The Chinese government shrugged off a formal declaration that it has committed genocide toward Uyghur Muslim minority groups living in Xinjiang, dismissing a determination from the U.S. State Department as “not worth the paper it’s written on.”
In asserting that China has committed genocide and crimes against humanity, the United States has levelled an accusation of considerable moral gravity, one that stands to influence corporate and consumer relations with the world’s most important trading country.
“I believe this genocide is ongoing, and that we are witnessing the systematic attempt to destroy Uyghurs by the Chinese party-state,” U.S. Secretary of State Mike Pompeo said Tuesday.
That charge is backed by evidence that includes testimony from former detainees and numerous official sources from inside China itself, such as requisition documents and state media reports. Both the outgoing Mr. Pompeo and Antony Blinken, his incoming successor, have said Chinese conduct meets the definition of genocide.
But the Chinese government, which has succeeded in securing support for its Xinjiang policies from dozens of countries – including much of the Muslim world – has acknowledged no wrongdoing, delivering instead a mocking riposte to Mr. Pompeo.
“This U.S. politician notorious for lying and cheating is making himself a laughingstock and a clown by his last-day madness and this lie of the century,” foreign ministry spokeswoman Hua Chunying said Wednesday.
Xinjiang – a region where satellite images show the destruction of numerous mosques; where large numbers of people were detained for forcible political indoctrination and skills training; where children were separated from parents and placed into orphanages; where factories have been built next to prisons; where former detainees have described being tortured and forced to recite loyalty to the Communist Party; where government statistics show a sharp rise in the use of intrauterine devices and sterilization – is a place of “unity and happy life,” Ms. Hua said.
Chinese authorities have mounted a wide-reaching campaign to cast into doubt what is happening in Xinjiang, employing white papers, carefully planned tours and increasingly frequent news conferences to dismiss critics.
For some in the Uyghur community, the U.S. genocide declaration amounts to recognition of “undeniable facts, testimonies, statistics and reports that demonstrate what China has been doing in recent years against Uyghurs and other ethnic groups in East Turkistan,” said Nijat Turghun, a Uyghur born in Urumqi who now lives in Sweden, where he is chairman of the Uyghur Education Association. East Turkistan is a term preferred by some Uyghurs to refer to Xinjiang.
U.S. action will “encourage other democratic states to stand against China’s atrocities,” Mr. Turghun said.
Even among Uyghurs, however, the weight of the declaration was diminished by its timing, issued on the Trump administration’s last full day in office.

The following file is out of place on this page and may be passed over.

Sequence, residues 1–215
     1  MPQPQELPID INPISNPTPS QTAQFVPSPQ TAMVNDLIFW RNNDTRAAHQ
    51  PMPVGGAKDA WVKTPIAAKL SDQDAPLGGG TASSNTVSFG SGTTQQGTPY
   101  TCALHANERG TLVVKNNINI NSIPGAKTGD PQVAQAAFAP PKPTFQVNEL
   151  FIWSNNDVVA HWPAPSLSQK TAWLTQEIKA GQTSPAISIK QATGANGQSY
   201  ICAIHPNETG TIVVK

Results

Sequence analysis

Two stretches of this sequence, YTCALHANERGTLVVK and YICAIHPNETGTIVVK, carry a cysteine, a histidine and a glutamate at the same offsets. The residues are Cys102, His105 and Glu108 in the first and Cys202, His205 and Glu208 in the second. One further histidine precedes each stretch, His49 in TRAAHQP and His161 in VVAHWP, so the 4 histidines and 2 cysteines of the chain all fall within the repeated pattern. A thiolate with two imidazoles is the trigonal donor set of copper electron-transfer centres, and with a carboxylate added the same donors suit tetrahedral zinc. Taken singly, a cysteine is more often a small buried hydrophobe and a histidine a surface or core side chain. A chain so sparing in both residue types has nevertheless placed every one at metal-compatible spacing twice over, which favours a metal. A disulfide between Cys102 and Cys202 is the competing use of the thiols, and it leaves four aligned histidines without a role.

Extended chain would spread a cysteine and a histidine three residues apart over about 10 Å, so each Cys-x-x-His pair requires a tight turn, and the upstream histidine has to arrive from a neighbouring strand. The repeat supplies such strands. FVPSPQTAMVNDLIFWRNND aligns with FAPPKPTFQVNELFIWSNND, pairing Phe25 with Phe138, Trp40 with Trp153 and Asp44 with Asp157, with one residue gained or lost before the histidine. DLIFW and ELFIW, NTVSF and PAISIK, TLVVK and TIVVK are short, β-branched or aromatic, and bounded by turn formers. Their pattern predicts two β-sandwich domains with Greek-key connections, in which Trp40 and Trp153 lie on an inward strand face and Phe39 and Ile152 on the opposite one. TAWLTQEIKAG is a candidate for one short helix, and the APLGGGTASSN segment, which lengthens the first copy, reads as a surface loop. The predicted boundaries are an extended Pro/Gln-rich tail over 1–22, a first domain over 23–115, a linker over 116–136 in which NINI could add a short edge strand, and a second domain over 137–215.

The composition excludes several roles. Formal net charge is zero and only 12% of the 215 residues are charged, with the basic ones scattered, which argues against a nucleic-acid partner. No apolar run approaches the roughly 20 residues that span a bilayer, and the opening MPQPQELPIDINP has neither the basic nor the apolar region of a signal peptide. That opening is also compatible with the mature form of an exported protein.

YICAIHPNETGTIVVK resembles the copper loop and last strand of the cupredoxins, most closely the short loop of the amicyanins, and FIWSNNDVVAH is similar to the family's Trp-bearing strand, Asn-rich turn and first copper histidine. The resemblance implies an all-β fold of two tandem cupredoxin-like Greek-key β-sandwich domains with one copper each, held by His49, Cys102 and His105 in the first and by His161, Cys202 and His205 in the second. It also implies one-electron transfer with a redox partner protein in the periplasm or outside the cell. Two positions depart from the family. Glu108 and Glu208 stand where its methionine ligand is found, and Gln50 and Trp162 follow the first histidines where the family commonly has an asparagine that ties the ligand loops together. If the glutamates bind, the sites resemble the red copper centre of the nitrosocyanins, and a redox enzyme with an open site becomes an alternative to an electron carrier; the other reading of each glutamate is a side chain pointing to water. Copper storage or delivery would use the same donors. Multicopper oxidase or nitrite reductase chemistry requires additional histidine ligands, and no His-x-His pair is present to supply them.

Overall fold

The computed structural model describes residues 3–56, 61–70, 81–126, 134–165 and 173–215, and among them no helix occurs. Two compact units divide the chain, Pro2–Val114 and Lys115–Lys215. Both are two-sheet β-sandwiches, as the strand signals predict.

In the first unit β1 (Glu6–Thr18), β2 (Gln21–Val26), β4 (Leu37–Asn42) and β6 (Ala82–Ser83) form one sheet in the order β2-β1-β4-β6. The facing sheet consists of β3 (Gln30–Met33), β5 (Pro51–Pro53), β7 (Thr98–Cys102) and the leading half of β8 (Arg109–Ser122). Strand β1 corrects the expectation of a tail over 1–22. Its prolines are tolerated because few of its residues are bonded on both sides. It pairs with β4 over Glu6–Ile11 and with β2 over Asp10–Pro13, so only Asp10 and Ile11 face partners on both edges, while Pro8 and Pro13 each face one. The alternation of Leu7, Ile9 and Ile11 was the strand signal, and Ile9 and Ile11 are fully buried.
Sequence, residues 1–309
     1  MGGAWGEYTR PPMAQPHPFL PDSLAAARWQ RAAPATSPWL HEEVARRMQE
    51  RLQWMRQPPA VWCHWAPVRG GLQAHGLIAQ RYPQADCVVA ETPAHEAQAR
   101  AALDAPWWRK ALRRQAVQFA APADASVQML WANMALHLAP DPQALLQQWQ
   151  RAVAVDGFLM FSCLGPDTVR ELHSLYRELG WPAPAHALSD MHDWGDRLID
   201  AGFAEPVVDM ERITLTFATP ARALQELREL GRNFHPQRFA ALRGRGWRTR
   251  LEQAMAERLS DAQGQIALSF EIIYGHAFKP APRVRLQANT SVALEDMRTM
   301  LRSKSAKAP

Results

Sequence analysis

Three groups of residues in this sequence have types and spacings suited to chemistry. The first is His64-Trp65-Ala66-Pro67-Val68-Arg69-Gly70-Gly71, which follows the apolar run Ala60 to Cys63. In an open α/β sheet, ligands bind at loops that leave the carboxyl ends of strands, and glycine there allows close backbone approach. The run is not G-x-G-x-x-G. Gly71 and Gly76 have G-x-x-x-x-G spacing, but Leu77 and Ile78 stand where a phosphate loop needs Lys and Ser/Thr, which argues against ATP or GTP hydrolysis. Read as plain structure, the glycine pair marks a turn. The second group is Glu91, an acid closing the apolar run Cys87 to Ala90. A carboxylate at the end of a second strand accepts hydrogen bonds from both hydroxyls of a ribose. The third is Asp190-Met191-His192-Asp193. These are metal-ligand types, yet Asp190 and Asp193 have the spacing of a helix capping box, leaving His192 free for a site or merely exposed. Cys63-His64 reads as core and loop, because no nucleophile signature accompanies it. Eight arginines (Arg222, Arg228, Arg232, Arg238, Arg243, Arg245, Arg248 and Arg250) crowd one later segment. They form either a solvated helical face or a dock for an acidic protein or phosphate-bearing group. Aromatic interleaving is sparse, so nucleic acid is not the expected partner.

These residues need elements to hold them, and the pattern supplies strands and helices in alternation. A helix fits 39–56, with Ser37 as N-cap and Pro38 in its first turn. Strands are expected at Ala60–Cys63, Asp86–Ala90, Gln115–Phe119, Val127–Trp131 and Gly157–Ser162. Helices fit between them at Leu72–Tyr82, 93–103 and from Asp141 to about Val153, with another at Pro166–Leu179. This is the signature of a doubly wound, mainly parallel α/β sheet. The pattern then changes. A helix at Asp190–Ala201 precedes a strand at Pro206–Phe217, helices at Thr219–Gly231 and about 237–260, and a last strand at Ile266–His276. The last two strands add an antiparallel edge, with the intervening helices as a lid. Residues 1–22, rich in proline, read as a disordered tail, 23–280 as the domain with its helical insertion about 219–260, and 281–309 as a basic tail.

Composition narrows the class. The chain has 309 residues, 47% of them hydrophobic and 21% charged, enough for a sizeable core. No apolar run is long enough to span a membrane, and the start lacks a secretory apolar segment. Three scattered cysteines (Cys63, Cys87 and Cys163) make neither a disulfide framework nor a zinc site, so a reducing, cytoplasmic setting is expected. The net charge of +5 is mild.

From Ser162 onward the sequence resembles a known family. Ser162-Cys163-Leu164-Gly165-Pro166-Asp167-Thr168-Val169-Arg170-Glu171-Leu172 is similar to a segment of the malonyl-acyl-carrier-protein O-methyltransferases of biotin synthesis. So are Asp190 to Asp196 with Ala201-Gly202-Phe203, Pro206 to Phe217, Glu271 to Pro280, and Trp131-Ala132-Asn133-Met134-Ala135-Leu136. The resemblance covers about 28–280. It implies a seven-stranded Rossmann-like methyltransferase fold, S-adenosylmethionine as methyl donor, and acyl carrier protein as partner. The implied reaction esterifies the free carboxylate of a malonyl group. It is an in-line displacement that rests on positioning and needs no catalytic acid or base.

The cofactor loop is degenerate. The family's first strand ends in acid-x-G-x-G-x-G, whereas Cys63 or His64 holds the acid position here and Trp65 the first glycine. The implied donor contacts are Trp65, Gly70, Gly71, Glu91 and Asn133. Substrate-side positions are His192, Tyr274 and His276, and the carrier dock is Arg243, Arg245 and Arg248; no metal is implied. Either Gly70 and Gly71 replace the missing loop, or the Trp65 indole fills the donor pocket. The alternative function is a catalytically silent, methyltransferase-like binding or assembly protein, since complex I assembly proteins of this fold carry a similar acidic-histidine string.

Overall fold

“It is meaningless to make such a strong statement a day before [Mr. Pompeo’s] departure,” said Nurgul Sawut, a clinical social worker in Canberra who has surveyed Uyghurs around the world. She worries the U.S. is using China’s treatment of the Uyghurs as a useful cudgel, one that can be cast aside when convenient.
In China, meanwhile, anger at the genocide label is likely to provoke “some unpleasant backlash,” said Timothy Grose, a scholar who specializes in Xinjiang and Chinese ethnic policy at the Rose-Hulman Institute of Technology in the U.S.
But, he added, if the Biden administration emphasizes the issue “in their diplomatic agenda, other countries will feel pressure to use equally as strong of language and, hopefully, meaningful action.”
In Canada, the Trudeau government has refrained from making a formal declaration. Instead, Foreign Minister Marc Garneau said Canada will review the U.S. findings, which he called “one more step toward what needs to be a multilateral effort to address the issue.” He pledged to “push for an investigation by an international, independent body” and called on China to grant “unfettered access” to Xinjiang for the United Nations and the Office of the High Commissioner for Human Rights.
China, however, enjoys considerable sway at the United Nations as a permanent member of the Security Council, which includes veto power over substantive resolutions brought before that council.
Permanent members “by virtue of their nuclear weapons, their military power and their wealth, have a pass card that they can flash, which means they usually suffer no consequences of great weight,” said Frank Chalk, a historian at Concordia University and co-founder of the Montreal Institute for Genocide and Human Rights Studies.
Still, a formal U.S. genocide declaration affixes a “moral stain” to China, he said, one with consequences for companies and consumers that rely on the country for trade, investment and goods. It will also force a new reckoning for political leaders who have for decades sought to balance economic advantages of business with China against human-rights concerns.
“It will be up to Biden and, eventually, Trudeau to decide whether they’re going to stick their necks out and say, ’No, this has to stop,’ and there will be trade sanctions or investment bans,” Prof. Chalk said. “They could do a lot if they want to.”
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